Desert tortoise rescued during drug raid
Several months ago, the Washington County Drug Task Force raided a home in Santa Clara, Utah, on a tip that one of the residents was in possession of heroin.
Unhealthy desert tortoise found in raid
The raid turned up more than just heroin; it also turned up a very sickly desert tortoise.
The desert tortoise is now at Wild Friends, the wildlife rehabilitation center at Best Friends. Because of his poor health, he’s also been admitted into our Guardian Angel program, for animals at our Sanctuary who are in need of extra care -- and the donations to make that happen.
When police entered the house in Santa Clara, located about 90 miles west of Best Friends, they purportedly found the tortoise with a bag of heroin taped to the underside of his shell. The tortoise belonged to the owner of the house, the mother of the man arrested in the raid.
Native to the Sonoran and Mojave deserts of southwestern U.S. and northern Mexico, desert tortoises in the Mojave have been listed as threatened under the Endangered Species Act since 1989. Since 1950, that population has fallen by an alarming 90 percent, a plummet brought about primarily by encroachment and habitat fragmentation and destruction.
Possessing one without a proper license is a federal offense. Possessing any wild animal is, for that matter, a crime if you don’t hold the proper permits. Though the woman claimed she legally acquired the tortoise before the species was listed as threatened in 1989, she couldn’t provide police with the necessary documentation to prove it.
Utah Division of Wildlife Resources confiscates tortoise
The tortoise was in bad physical condition at the time of the raid — he was unable to walk, perhaps due to a mysterious, massive swelling in his leg. The Utah Division of Wildlife Resources (DWR), afraid he was close to death, confiscated the animal.
Contained inside the laundry room, the tortoise had lived among several cats at the house. He apparently smelled so strongly of cat urine that DWR officials had to soak him to rid the smell. The tortoise also had a bubbly discharge coming from his nose, sign of a possible infection. Asked repeatedly, the woman who kept him wouldn’t reveal what she had been feeding him.
DWR’s herpetologists estimate the tortoise to be around 40 years old. Desert tortoises generally have a lifespan of 50 to 80 years in the wild, though they can live longer in captivity.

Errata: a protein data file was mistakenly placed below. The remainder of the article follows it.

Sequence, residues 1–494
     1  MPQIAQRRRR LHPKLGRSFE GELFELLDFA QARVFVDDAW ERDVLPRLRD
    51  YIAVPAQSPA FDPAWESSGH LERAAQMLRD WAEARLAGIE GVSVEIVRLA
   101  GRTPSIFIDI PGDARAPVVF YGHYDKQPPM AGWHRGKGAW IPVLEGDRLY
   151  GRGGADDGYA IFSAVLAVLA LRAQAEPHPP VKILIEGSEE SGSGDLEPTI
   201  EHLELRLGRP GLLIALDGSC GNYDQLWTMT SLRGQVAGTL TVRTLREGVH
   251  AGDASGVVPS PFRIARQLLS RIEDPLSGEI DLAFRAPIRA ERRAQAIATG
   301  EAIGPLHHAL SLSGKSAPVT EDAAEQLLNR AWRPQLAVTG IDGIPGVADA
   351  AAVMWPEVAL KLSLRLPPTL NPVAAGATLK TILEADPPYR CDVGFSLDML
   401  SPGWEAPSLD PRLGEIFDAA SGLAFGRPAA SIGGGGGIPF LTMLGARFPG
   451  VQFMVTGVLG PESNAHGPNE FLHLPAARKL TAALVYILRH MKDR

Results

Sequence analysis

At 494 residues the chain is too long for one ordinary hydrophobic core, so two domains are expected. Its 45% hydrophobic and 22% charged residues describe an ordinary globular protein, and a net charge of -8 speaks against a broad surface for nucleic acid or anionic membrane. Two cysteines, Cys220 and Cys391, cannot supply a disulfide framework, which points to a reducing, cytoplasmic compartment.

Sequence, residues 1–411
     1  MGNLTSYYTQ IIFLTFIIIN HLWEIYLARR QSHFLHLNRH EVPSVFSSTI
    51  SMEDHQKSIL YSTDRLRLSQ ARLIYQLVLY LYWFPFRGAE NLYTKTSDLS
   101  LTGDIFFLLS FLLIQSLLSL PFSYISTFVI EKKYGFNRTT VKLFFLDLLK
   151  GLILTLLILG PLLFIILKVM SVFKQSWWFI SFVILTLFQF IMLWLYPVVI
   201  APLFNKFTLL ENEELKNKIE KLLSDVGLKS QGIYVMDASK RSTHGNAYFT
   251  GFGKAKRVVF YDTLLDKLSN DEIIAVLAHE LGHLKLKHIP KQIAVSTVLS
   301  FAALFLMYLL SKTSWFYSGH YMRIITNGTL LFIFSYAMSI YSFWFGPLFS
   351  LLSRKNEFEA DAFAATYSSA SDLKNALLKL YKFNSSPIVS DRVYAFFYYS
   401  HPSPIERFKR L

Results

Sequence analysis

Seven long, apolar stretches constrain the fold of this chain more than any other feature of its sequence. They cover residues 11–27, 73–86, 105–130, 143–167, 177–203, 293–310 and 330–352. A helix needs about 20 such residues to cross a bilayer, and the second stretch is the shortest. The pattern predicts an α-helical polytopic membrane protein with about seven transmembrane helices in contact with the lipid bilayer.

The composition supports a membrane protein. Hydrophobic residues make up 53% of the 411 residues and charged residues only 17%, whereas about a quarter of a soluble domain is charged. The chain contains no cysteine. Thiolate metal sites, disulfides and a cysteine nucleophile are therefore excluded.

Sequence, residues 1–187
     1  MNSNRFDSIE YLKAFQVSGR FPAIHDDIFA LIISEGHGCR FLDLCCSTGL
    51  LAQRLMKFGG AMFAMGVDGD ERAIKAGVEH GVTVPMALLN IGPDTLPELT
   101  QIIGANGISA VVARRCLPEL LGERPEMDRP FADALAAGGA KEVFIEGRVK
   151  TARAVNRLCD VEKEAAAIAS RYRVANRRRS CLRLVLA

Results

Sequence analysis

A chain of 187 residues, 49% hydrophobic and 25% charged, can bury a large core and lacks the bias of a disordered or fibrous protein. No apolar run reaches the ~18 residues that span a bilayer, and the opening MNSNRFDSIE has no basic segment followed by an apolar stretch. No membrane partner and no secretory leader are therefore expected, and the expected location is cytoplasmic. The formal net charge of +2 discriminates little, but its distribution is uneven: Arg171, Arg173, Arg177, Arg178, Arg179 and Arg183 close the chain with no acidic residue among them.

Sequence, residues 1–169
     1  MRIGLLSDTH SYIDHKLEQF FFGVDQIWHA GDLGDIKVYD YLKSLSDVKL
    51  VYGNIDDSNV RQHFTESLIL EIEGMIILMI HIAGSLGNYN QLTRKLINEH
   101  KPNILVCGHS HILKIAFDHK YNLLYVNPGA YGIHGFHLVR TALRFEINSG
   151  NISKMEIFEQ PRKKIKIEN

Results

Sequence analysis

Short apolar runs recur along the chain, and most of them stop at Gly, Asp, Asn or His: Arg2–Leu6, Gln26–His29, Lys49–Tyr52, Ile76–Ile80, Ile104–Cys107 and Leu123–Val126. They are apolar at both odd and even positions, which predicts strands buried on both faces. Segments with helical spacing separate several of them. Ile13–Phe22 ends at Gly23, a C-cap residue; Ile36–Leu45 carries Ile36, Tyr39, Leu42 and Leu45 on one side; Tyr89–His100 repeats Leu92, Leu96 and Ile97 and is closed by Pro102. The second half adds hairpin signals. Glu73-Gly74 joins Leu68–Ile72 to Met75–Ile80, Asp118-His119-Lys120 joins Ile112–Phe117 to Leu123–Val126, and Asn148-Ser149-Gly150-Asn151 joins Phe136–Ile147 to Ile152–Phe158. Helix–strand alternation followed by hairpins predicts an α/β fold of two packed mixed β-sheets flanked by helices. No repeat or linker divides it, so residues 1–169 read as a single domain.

Best Friends accepts animal into conservation education program
For the last six months, the tortoise was with the DWR in St. George, but his health didn’t improve much during that time. The agency recognized it was unable to give the tortoise the vigilant attention and the medical care he needed, so the division requested that Wild Friends accept the tortoise into its conservation education program, which means the tortoise will live out the remainder of his life at the Sanctuary.
"With his health problems he will need chronic medical care for the rest of his life," says Carmen Smith, licensed wildlife rehabilitator and manager of Wild Friends. "And with his upper respiratory infection, he can never be reintroduced to the wild, because he could easily spread the infection to other tortoises."
Interesting tortoise facts
Tortoises weigh eight to 15 pounds, with a shell length of nine to 15 inches. To cope with the temperatures in their habitat, which can range from freezing to 140 degrees, they burrow three to six feet underground and remain there until temperatures become bearable again. They extract most of the water they need for the year from the grasses and flowers they devour in the spring. These land-dwelling turtles can live as long as a year without access to water by storing it within their bodies and drawing from the reserve (or allowing it to go to their bladder) when needed. They also dig catchments in the ground to collect rain water, and have been seen waiting at those catchments just before a thunderstorm rolls in.
Even though they’re protected under the Endangered Species Act, desert tortoise numbers are still dropping. And the future doesn’t look much brighter. Scientists expect global warming to bring even hotter and drier weather to the southwest, resulting in less plant life and less water for the tortoise to subsist on.
"It’s crucial we educate as many people as we can about this remarkable species," Smith says. "So, in a way, we’re lucky that we can actually present visitors to Wild Friends with an actual individual and be able to talk about them in a way that will have a great impact on people."
Photos by Molly Wald
Every day the caregiving staff at Best Friends face challenges caring for and rehabilitating a variety of animals. Thanks to your support, Best Friends animals get state-of-the-art care, once unheard-of for homeless pets. No matter what special needs they have, all of their needs are met, both medically and emotionally. And those who were once thought unadoptable become ready for forever homes. Thank you for making this whole thing possible.